This is truly is the most predictable political story of the year — a follow up to the previously most predictable political development. After the Supreme Court (led by John Roberts deciding in a way he suggested he would not decide by Congress) overturned literally decades of law to allow groups to use anonymous corporate donations to fund campaigns in Citizens United, it was predicted that this would mean a tidal wave of secret donor campaign contributions.
Fast foward to the 2010 mid-term elections where it is widely acknowledged that the GOP had a slew of groups (one of them directed by Republican strategist maven Karl Rove) bloating the airwaves with highly effective ads targeting Democrats who in some cases felt they might squeek through an election in a year when voters were sour on the economy and the job performance of Barack Obama. The Supreme Court’s decision to deep-six years of law had an immediate impact.
Many analysts (including yours truly) noted that the Democrats were bound to look at this landscape and despite Obama’s comments on political funding conclude this was the new reality – -and make the adjustments accordingly.
Major Democratic strategists, still reeling from a barrage of midterm spending by conservative groups, are planning a similarly well-funded campaign by liberal organizations aimed at reelecting President Obama in 2012.
The fledgling discussions – including a conference of top Democratic donors that wrapped up in Washington this week – underscore a dramatic shift in strategy by Obama and his aides, who quashed plans for major outside groups in 2008 in order to rely on their own record-breaking donor efforts.
Get ready for the attack spin on this one. The Washington Post goes on:
But many chastened Democrats now say they must fight fire with fire by encouraging the formation of counterweights to the GOP-leaning independent groups that dominated the airwaves this fall. One of the leaders, American Crossroads, says it plans to continue running ads against the Democratic agenda for the next two years.
The change in Democratic strategy illustrates the extent of the fundraising earthquake that has shaken the U.S. political world this year. A series of court decisions effectively wiped away decades of campaign-finance restrictions, helping groups operating outside the political parties spend an estimated $500 million on attack ads and other election-related activities, most of it favoring Republicans.
The apparent change of heart is particularly notable for Obama, who has long advocated strict campaign-finance limits and has sharply criticized the Supreme Court for allowing unlimited political spending by corporations. The shift is reminiscent of Obama’s pragmatic decision to forgo public financing in 2008 to outpace Republican nominee John McCain, who agreed to spending limits in exchange for federal matching funds.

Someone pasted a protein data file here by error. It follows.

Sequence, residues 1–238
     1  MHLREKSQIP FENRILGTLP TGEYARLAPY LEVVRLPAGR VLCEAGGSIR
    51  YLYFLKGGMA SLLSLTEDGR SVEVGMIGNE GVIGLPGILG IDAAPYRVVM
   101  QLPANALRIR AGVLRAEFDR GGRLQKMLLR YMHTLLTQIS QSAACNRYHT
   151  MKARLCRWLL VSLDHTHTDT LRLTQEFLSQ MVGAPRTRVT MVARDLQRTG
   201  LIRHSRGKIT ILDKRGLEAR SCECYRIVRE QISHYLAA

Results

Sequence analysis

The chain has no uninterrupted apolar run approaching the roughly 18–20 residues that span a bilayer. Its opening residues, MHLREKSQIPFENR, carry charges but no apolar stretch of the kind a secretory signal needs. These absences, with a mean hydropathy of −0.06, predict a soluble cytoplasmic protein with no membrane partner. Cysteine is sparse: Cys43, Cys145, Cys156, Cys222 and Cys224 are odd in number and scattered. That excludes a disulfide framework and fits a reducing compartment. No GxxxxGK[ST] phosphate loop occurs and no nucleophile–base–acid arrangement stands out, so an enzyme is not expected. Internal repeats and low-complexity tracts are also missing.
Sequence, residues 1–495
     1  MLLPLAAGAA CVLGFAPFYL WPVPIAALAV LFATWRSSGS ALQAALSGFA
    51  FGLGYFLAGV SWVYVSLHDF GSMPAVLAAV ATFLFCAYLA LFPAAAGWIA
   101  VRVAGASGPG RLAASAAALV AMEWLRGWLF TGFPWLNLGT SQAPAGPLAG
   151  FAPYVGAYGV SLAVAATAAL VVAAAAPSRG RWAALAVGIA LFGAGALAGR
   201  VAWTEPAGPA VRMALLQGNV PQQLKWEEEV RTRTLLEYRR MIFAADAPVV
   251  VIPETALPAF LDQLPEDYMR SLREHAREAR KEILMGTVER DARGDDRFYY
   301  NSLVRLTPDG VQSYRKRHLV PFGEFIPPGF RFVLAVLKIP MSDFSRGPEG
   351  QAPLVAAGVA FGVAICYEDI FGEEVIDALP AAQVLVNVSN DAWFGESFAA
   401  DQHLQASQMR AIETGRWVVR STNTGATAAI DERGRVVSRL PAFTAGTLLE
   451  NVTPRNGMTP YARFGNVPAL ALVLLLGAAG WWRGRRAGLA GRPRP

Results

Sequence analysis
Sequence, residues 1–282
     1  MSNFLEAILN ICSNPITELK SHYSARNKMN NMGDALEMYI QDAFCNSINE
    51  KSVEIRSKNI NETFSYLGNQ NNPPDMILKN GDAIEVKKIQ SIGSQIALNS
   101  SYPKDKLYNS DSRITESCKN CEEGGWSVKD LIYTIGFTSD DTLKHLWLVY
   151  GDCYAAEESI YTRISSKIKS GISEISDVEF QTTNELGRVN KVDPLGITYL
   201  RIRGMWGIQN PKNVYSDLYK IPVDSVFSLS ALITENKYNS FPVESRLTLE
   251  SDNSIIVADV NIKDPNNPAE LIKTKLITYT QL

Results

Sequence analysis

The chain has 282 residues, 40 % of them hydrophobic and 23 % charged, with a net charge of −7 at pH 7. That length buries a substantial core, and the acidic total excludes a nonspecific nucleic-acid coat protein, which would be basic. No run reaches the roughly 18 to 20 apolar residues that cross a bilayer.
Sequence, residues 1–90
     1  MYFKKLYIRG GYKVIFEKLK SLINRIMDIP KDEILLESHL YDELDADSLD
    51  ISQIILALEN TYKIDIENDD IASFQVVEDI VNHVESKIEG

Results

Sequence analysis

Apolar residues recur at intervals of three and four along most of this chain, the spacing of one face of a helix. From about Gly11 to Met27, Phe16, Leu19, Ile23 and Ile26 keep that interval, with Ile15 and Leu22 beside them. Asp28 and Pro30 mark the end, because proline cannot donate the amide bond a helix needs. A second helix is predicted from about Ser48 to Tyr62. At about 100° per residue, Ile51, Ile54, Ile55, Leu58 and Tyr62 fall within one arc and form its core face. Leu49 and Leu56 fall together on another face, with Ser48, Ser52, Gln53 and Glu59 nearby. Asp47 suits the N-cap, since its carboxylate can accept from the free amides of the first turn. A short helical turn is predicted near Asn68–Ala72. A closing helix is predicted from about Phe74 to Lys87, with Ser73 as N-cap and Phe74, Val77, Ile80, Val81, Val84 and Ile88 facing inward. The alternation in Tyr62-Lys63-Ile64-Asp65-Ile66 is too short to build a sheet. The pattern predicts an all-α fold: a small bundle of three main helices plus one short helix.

Obama adviser David Axelrod, who will leave the White House in the coming months to focus on the president’s reelection bid, said in an interview: “I don’t think we can put the genie back in the bottle” when it comes to campaign spending by outside groups.
“We’re going to continue to urge all of our supporters to participate through our campaign,” Axelrod said. “But it’s unrealistic to think that you’re going to have this deluge of spending on behalf of Republican candidates and not engender a reaction on the Democratic side. It’s a natural thing.”
In fact, unless it’s seriously suggested that the Democrats not contest the elections, the sorry fact is that the whopping use of this money by the GOP means that the Democrats should either just give up seats in play to the Republicans and not bother putting money into them or accept this as the new political reality — a reality mandated by the Supreme Court. Unless someone at Democratic party headquarters wins the lottery and donates it to the party, it will be at disadvantage if it eschews the use of this kind of funding now that the Republicans have successfully used it extensively.
Such money won’t be a cure all.
If the economy is still weak, if Team Obama and the Democrats continue to show the truly shocking political flat-footed traits that they did in the past two years — if this was America’s Got Political Talent this crew would not make it to the final rounds — it won’t matter.
Meanwhile, another question will be: what kind of impact will seeking this money (whether in the open or at private functions) have on Democratic lawmakers’ policy and attitudes the next few years?
Most likely, it means more than ever that we will see politicians and political parties more than ever trying to win over wealthy individuals and corporations.
At the same time, as the Democrats use this money look for the 24/7 blogosphere and cable news outrage machine to be in full gear.
But unless the Dems decide to just sit home and listen to Lady Gaga CDs or watch Bristol Palin win “Dancing With The Stars,” to win elections they will have to be on a more level playing field and use the new powerful bat handed out by the Supreme Court that Republicans are using.
They can’t go through another election where only the Republicans use a form of funding officially blessed by a Supreme Court that proved it most assuredly does not have infinite wisdom.
Joe Gandelman is a former fulltime journalist who freelanced in India, Spain, Bangladesh and Cypress writing for publications such as the Christian Science Monitor and Newsweek. He also did radio reports from Madrid for NPR’s All Things Considered. He has worked on two U.S. newspapers and quit the news biz in 1990 to go into entertainment. He also has written for The Week and several online publications, did a column for Cagle Cartoons Syndicate and has appeared on CNN.